Have you thought of travelling with an iPad 4?
I think it is getting more common carrying a tablet than a laptop, if you want to travel light. My experience of carrying a netbook works excellently so far. However, when you add up the netbook power cord and external voltage adapter, it becomes not as light as you originally thought. Nowadays most of the airlines have very strict hand-carried luggage allowance policy in terms of weight and baggage size. Imagine how hard you squeeze everything valuable in your baggage. So in theory the 7kg hand-carried baggage allowance tells you that you will go naked if you still insist to take so many photographic gears. I don’t want to risk the loss if I place some items in the checked baggage. I always travel with a camera and a lens.
That said, I ended up carrying an iPad on my recent travel overseas. This is an iPad 4 , featured with WiFi and cellular and 64 GB storage. This is the largest capacity of storage you can get. Unlike some other Andriod tablets, there is no way to expand the storage on the iPad. So it is a matter of choice whether to get an iPad with 16GB, 32 GB or 64 GB. If you can afford, I suggest you spend the money on the 64GB capacity because of this limitation, although cellular may not be necessary.
In specification, the iPad 4 has decent front and rear cameras. The front camera takes 1.2 megapixel photos and the rear iSight camera takes 5 megapixel photos. It features autofocus (you can surely see how the focusing really works on the screen) and the f2.4 aperture enable capturing shots in low lights. Of course the iPad camera cannot entirely replace your favourite camera and the interchangeable lenses, but taking a shot by the iPad cameras and upload it to Facebook or Instagram is very straightforward. The quality is surprisingly quite good.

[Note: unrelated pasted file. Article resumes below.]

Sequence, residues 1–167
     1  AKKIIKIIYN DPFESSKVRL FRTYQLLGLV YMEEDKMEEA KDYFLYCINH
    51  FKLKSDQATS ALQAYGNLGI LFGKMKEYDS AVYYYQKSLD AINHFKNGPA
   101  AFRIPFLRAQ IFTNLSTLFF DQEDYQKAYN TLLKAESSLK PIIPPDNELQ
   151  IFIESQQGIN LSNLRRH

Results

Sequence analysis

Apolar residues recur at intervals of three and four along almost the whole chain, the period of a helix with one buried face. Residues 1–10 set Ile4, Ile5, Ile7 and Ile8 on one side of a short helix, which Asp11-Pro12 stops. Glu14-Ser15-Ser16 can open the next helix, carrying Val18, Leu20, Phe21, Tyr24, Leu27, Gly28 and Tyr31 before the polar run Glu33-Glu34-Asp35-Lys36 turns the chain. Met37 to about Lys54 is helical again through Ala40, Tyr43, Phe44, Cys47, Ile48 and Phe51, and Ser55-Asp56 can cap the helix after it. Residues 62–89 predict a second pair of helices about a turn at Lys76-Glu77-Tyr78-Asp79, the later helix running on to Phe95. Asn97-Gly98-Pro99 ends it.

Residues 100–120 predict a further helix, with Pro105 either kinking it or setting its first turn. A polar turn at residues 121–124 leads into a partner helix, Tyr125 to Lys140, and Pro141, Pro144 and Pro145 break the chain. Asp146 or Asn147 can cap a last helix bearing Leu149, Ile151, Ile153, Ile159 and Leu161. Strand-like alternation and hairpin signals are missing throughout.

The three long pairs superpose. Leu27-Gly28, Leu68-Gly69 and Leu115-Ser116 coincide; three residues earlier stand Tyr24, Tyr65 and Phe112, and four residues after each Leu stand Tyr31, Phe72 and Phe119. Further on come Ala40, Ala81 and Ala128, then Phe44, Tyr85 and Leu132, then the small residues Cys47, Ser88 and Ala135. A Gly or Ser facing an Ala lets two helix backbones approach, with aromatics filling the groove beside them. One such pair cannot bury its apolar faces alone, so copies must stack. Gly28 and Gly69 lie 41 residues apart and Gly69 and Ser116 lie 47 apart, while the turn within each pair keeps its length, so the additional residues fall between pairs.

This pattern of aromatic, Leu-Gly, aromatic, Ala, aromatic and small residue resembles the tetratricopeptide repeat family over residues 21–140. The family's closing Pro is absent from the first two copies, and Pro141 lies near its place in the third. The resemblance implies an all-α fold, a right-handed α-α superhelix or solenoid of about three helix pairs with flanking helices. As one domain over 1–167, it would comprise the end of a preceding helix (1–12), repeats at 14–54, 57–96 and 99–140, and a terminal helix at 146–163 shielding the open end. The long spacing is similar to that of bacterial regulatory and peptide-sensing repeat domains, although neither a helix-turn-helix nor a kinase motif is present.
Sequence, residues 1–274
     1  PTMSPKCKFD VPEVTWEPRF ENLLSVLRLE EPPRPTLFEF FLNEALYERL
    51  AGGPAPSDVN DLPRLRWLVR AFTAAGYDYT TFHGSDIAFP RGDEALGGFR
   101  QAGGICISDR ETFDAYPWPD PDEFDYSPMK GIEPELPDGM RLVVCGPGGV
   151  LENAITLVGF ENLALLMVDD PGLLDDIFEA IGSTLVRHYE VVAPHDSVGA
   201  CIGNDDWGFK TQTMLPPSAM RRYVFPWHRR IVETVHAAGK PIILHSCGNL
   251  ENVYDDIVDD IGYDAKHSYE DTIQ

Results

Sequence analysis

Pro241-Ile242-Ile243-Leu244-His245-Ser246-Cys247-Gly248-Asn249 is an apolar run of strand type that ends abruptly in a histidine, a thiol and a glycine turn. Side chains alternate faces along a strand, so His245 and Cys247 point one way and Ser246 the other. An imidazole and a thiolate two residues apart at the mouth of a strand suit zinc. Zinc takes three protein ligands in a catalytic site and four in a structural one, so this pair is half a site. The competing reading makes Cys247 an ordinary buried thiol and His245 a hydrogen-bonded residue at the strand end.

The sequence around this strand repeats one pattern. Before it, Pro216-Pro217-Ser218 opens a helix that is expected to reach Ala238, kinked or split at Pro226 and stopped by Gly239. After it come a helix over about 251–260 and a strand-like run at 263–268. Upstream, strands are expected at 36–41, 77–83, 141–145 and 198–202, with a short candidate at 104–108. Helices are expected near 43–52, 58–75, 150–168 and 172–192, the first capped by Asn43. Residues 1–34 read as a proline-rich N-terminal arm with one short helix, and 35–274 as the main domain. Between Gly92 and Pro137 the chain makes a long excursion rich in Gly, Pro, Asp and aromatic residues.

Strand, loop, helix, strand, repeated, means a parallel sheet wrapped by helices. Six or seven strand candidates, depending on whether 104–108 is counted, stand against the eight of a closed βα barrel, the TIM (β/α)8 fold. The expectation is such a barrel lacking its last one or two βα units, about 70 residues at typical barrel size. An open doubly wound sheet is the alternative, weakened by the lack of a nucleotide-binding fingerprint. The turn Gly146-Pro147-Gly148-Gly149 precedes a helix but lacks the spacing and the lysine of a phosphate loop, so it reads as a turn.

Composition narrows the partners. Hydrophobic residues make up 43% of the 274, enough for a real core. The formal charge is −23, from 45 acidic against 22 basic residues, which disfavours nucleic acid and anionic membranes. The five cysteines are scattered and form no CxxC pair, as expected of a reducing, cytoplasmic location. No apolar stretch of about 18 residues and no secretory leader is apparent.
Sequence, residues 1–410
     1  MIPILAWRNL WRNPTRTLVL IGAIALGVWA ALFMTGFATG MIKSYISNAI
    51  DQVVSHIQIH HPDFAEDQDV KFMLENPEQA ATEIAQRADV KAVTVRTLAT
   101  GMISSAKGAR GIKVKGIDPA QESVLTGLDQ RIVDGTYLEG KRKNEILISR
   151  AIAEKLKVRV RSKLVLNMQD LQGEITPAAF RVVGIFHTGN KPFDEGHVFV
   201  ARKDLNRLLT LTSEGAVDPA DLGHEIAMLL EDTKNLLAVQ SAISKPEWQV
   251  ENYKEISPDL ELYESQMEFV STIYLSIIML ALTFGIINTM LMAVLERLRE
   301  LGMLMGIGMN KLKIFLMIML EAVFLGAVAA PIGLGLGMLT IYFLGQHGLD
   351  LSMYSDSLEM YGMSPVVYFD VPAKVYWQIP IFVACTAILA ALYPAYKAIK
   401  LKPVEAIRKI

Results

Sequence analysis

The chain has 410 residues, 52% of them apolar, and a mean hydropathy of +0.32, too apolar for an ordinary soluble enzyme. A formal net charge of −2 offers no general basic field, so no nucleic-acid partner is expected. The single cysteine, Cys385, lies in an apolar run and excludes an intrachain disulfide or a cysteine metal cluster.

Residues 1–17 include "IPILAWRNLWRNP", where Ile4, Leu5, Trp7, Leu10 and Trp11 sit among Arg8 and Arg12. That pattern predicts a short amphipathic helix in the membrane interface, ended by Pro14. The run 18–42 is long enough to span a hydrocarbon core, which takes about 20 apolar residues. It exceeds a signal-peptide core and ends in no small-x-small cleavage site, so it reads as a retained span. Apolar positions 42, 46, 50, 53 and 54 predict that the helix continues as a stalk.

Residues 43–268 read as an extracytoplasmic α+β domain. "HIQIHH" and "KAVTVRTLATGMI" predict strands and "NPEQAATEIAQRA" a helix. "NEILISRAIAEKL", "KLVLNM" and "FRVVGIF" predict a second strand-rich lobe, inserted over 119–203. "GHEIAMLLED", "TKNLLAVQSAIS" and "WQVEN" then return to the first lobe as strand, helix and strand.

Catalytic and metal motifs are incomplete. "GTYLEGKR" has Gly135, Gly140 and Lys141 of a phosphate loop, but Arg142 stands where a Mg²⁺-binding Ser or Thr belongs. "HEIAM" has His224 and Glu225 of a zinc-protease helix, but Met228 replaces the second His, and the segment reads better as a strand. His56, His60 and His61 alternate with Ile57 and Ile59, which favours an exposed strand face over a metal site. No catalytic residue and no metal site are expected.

Adding to the capability of the cameras, you cannot deny that the iPad 4 has one of the best screen resolution. The 9.7 inch retina display has a resolution of 2048 x 1536 at 264 pixels per inch (ppi), although it is not the best. It seconds to none except the Google Nexus 10 (2560 x 1600). The Dual-core A6X with quad-core graphics does a great job in displaying crystal clear images. Viewing enlargement of photos on such a screen resolution is a pleasure.
For those who take photographs on a camera such as DSLRs, what you really need is a way to transfer your photos to the device. I am disappointed that Apple has designed the new and smaller Lightning port. That means you cannot use the SD card reader designed for previous version of iPads (of course you can purchase an adopter). This card reader transferring the files is now called Lightning to SD Card Camera Reader adapter. We use this card reader to import photo or video files from the SD card to the iPad. The procedures are:
- Connect the adapter to the iPad
- Take the SD card out of your camera
- Inset the SD card to the card reader
- The iPhotos app will start automatically
- Select which one or all to import
- At the end, you can decide to remove or keep all files from the SD card before removing it from the card reader
- Move the files to different folders
If you take both RAW and JPEG formats, all of them could be imported but only the JPEG image is shown. For video files, iPad can take SD and HD video formats, including H.264 and MPEG-4. You can then sync these files using iTunes back to your PC or Mac. How about if our cameras use CF cards? Officially Apple does not have a solution. But you can find CF card reader for iPad available in many IT gadget stores. If you use the latest Canon 6D, transferring the files by using its WiFi capability to iPad or other mobile devices is painless and easy. I would say this is a perfect match.
To be continued…